Posts Tagged ‘government’


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Apparently, the door between Wall Street and the U.S. government agencies in charge of regulating Wall Street continues to revolve. Former Federal Reserve chair Ben Bernanke is the latest to walk through the door.

For eight years, Ben S. Bernanke, the former Federal Reserve chairman, was steward of the world’s largest economy. Now he has signed on to advise one of Wall Street’s biggest hedge funds.

Mr. Bernanke will become a senior adviser to Citadel, the $25 billion hedge fund founded by the billionaire Kenneth C. Griffin. He will offer his analysis of global economic and financial issues to Citadel’s investment committees. He will also meet with Citadel’s investors around the globe.

It is the latest and most prominent move by a Washington insider through the revolving door into the financial industry. Investors are increasingly looking for guidance on how to navigate an uncertain economic environment in the aftermath of the financial crisis and are willing to pay top dollar to former officials like Mr. Bernanke.

Mr. Bernanke joins a long parade of colleagues and peers to Wall Street and investment firms. After stepping down, Mr. Bernanke’s predecessor, Alan Greenspan, was recruited as a consultant for Deutsche Bank, the bond investment firm Pacific Investment Management Company and the hedge fund Paulson & Company.

Last month, Jeremy C. Stein, a former Fed governor, agreed to join the $20 billion hedge fund BlueMountain Capital Management, where he will advise managers on issues like financial regulation, risk and the implications of the Fed’s monetary policy. Mr. Stein resigned from the Fed last May to return to his tenured professorship at Harvard’s department of economics.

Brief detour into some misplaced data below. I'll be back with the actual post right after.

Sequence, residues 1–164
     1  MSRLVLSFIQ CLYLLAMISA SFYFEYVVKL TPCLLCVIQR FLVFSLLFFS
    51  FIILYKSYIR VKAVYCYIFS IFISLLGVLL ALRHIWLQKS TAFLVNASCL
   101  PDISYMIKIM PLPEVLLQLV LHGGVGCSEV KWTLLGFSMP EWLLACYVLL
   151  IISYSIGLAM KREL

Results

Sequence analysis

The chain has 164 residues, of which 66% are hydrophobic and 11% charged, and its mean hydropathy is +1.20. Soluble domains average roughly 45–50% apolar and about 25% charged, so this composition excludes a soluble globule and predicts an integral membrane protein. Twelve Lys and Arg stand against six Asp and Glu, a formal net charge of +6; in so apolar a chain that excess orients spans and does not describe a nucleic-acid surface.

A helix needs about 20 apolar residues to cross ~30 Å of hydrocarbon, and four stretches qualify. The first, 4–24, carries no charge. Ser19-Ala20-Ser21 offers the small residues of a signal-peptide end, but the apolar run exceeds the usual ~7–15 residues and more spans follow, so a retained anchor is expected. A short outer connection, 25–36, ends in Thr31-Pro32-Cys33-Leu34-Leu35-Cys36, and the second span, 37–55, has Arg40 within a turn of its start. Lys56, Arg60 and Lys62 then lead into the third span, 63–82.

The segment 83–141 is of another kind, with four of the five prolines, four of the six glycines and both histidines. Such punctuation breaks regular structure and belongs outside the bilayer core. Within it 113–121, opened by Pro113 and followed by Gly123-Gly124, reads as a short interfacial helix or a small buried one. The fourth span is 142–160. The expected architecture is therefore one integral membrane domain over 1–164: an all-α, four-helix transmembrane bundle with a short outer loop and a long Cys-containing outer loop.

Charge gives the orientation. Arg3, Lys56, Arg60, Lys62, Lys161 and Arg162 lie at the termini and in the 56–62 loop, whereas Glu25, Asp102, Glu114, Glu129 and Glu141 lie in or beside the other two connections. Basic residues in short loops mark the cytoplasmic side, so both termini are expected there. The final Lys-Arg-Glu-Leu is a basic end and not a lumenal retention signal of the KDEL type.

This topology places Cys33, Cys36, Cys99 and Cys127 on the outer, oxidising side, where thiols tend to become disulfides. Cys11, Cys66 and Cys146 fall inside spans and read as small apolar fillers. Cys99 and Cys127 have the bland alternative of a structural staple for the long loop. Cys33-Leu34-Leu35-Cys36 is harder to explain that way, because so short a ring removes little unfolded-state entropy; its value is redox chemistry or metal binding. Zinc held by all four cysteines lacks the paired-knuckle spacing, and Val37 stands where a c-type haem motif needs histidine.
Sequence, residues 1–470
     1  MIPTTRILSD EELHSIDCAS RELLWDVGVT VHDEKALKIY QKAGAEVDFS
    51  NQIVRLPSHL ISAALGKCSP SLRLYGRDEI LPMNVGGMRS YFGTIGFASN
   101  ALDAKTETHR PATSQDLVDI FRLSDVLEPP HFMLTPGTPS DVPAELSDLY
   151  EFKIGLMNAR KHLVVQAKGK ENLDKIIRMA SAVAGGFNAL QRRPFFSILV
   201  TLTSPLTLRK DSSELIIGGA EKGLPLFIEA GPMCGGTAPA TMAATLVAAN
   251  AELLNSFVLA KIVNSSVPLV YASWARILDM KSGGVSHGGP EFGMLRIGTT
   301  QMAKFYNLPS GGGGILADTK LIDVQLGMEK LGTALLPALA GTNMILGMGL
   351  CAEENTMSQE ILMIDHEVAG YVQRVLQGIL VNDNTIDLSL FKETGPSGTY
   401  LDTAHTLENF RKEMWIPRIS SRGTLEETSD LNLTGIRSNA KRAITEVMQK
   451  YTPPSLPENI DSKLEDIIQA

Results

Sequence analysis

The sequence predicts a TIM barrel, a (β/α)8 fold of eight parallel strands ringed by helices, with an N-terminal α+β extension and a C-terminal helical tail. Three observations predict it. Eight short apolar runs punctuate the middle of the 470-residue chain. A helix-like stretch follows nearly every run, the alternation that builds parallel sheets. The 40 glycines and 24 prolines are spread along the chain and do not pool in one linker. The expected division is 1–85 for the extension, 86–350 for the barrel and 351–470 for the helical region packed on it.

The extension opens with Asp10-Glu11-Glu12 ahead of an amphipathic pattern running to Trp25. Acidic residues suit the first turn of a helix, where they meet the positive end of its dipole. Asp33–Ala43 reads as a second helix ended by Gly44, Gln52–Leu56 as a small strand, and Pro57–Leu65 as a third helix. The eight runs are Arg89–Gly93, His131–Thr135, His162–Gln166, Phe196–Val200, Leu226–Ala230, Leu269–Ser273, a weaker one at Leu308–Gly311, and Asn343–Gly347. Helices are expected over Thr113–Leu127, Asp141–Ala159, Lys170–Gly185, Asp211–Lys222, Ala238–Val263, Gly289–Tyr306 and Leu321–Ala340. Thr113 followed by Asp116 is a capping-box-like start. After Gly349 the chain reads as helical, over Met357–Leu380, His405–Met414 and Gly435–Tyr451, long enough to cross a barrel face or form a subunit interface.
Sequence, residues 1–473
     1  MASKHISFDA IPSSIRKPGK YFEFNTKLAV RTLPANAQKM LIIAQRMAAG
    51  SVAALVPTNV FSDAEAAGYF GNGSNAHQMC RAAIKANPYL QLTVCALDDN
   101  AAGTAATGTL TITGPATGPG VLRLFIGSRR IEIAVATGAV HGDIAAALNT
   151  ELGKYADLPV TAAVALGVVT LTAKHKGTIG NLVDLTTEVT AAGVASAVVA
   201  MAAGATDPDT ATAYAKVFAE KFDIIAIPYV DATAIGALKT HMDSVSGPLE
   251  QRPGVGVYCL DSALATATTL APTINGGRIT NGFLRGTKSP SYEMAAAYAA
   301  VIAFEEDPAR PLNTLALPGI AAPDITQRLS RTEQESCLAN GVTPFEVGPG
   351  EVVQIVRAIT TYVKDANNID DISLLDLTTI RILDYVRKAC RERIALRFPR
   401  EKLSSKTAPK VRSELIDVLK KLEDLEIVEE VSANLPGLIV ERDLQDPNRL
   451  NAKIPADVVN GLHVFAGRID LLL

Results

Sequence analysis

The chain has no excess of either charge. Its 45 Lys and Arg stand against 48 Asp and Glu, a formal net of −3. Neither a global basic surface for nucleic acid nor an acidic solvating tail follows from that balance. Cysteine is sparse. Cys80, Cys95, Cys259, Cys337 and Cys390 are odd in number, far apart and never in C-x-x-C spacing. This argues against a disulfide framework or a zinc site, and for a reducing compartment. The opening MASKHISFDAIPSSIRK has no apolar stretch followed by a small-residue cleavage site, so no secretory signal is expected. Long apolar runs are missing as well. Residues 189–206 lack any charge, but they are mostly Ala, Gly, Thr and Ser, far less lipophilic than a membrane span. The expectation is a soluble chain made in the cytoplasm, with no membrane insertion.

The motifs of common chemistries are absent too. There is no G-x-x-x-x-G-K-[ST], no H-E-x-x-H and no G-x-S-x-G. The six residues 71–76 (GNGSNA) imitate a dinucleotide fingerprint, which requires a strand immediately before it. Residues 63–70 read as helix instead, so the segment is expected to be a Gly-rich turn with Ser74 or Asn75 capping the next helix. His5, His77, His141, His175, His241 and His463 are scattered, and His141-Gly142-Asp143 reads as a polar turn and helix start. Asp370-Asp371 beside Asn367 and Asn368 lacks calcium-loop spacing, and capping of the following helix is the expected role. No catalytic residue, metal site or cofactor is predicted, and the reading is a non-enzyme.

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Special mention

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Another distressing, but not particularly surprising, result from the study by the Pew Research Center I wrote about yesterday: most of America’s financially secure citizens (54 percent at the very top, and 57 percent just below) believe the “poor have it easy because they can get government benefits without doing anything in return.” They also think we can’t afford to do more for those in need.

America’s least financially secure, meanwhile, vehemently disagree; nearly 70 percent say the poor have hard lives because the benefits “don’t go far enough.” And, according to those at the bottom, we should do more for the needy, “even if it means more debt.”

A clearer divergence in political views between the most and least financially secure Americans won’t be found in the entire survey.





Let’s end the year with some important charts assembled by Steven Rattner.

Yes, economic growth picked up and financial markets soared to new record highs. But—and it’s a big but—wages remained stagnant (barely budging in real terms), income inequality got worse (increasing from already grotesque levels), the tiny minority at the top made out like bandits (just as they were doing before 2007), and government programs (even with a Democratic president and Senate) did little to ameliorate the effects of stagnant wages and growing inequality.

That’s what 2014 looked like in the United States. And nothing about 2015 looks to change those trends.